English regions lose out on EU funding
Posted: 8th August 2014
Two English regions who complained that they got a raw deal when it came to dividing up more than Euros 6 billion of European hardship funding have failed to convince the Court of Appeal that they are entitled to a bigger slice of the EU cake.
The Secretary of State for Business, Innovation and Skills dropped a bombshell in March 2013 when he announced that EU structural funds paid to nine councils in South Yorkshire and Merseyside to prevent the regions 'lagging behind' the rest of the country would be slashed by 65 per cent over the next seven years.
The councils argued that authorities in Northern Ireland and the highlands and islands of Scotland were being unfairly favoured and protected against funding cuts and that the methodology employed by the Secretary of State was irrational, taking no account of the 'actual economic needs' of South Yorkshire and Merseyside. The effect on the regions as they struggled to rebuild their future and cope with industrial decline was 'discriminatory and disproportionate'.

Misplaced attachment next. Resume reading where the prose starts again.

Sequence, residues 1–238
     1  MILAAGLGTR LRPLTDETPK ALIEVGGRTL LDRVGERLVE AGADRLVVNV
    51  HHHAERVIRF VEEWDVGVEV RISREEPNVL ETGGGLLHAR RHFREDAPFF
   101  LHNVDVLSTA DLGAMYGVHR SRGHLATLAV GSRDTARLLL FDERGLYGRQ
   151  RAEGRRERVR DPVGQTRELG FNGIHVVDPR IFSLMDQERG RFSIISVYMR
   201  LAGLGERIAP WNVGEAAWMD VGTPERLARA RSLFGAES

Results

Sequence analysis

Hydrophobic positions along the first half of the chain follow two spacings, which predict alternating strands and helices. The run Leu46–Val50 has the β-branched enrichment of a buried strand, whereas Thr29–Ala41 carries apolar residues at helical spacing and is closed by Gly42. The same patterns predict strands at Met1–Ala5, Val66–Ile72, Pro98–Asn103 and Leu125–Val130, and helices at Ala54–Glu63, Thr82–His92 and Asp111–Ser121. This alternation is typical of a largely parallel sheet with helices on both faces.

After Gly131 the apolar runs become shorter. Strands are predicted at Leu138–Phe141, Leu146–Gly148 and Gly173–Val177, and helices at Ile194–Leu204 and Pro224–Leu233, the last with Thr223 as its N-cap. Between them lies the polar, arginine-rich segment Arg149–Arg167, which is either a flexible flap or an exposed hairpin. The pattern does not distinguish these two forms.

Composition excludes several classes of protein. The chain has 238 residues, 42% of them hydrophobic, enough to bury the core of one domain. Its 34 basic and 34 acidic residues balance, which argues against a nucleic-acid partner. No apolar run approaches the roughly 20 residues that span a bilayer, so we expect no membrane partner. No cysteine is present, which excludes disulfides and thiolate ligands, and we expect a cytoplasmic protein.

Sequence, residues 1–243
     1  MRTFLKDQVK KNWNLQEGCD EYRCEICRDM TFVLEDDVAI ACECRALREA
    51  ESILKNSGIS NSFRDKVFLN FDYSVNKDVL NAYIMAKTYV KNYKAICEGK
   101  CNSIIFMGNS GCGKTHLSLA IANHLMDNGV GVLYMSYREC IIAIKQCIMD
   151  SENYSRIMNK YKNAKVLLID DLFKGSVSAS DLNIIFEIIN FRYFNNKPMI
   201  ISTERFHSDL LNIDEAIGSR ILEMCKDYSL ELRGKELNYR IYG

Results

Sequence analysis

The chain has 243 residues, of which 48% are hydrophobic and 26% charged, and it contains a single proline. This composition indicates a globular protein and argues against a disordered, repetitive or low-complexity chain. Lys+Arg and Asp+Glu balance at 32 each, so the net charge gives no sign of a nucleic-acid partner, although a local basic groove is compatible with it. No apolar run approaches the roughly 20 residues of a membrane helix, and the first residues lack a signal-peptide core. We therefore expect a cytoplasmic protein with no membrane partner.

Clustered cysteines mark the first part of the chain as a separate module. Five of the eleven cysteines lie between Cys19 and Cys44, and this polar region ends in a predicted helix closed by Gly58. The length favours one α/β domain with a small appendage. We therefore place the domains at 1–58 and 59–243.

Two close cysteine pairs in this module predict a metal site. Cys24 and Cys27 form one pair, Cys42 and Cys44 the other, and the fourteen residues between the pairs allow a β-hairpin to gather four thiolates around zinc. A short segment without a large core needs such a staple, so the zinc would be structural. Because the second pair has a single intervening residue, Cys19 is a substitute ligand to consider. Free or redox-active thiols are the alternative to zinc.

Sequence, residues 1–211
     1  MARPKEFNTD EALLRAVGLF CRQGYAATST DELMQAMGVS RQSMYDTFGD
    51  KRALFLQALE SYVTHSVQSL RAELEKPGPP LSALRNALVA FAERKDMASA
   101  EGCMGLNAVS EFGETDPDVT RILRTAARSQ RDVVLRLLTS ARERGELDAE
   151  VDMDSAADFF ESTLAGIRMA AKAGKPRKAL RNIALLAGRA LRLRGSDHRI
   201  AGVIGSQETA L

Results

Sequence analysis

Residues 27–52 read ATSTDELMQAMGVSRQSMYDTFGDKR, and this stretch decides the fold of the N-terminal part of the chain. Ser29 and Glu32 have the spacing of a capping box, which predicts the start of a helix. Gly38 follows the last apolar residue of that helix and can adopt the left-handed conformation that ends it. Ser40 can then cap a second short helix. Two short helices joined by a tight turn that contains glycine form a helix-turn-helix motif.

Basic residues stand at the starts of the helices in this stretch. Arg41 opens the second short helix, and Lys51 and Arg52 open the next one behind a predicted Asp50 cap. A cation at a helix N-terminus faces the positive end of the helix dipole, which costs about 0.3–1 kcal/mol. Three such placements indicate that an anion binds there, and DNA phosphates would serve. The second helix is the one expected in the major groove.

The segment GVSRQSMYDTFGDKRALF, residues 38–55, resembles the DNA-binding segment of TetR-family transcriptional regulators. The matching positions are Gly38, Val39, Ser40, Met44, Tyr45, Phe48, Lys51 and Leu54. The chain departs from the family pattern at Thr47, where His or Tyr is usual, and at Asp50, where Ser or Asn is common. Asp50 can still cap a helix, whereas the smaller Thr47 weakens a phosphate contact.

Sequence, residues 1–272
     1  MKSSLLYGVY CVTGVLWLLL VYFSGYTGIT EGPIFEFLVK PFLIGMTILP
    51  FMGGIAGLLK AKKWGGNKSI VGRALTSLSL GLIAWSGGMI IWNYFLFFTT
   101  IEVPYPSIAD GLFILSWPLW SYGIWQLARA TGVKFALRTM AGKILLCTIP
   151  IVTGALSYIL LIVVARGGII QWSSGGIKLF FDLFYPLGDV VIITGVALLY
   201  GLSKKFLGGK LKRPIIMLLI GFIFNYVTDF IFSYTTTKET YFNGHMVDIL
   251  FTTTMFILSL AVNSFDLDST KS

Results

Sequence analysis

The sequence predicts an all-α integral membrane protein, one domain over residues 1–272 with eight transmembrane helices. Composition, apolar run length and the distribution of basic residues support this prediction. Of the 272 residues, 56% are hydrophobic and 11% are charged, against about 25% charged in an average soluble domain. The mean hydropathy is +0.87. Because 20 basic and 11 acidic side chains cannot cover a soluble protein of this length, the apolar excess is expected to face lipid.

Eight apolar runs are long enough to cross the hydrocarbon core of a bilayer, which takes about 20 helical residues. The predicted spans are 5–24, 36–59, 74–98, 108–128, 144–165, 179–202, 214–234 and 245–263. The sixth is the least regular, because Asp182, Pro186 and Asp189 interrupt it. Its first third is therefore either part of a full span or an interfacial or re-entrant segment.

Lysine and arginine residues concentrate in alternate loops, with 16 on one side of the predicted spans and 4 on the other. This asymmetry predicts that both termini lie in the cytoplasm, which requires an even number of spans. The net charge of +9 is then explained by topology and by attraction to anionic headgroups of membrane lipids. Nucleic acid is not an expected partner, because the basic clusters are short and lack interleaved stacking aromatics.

Despite accepting that the Secretary of State had failed in certain respects to comply with the public sector equality duty enshrined in the Equality Act 2010, a judge had rejected other grounds put forward by the councils and dismissed their judicial review challenge.
In dismissing the councils’ appeal, the Court emphasised that the Secretary of State enjoyed a 'wide margin of discretion' when comparing the needs of one region with another. He had allocated the EU funds 'in a careful and systematic way' and had given 'particular consideration' to the position of South Yorkshire and Merseyside.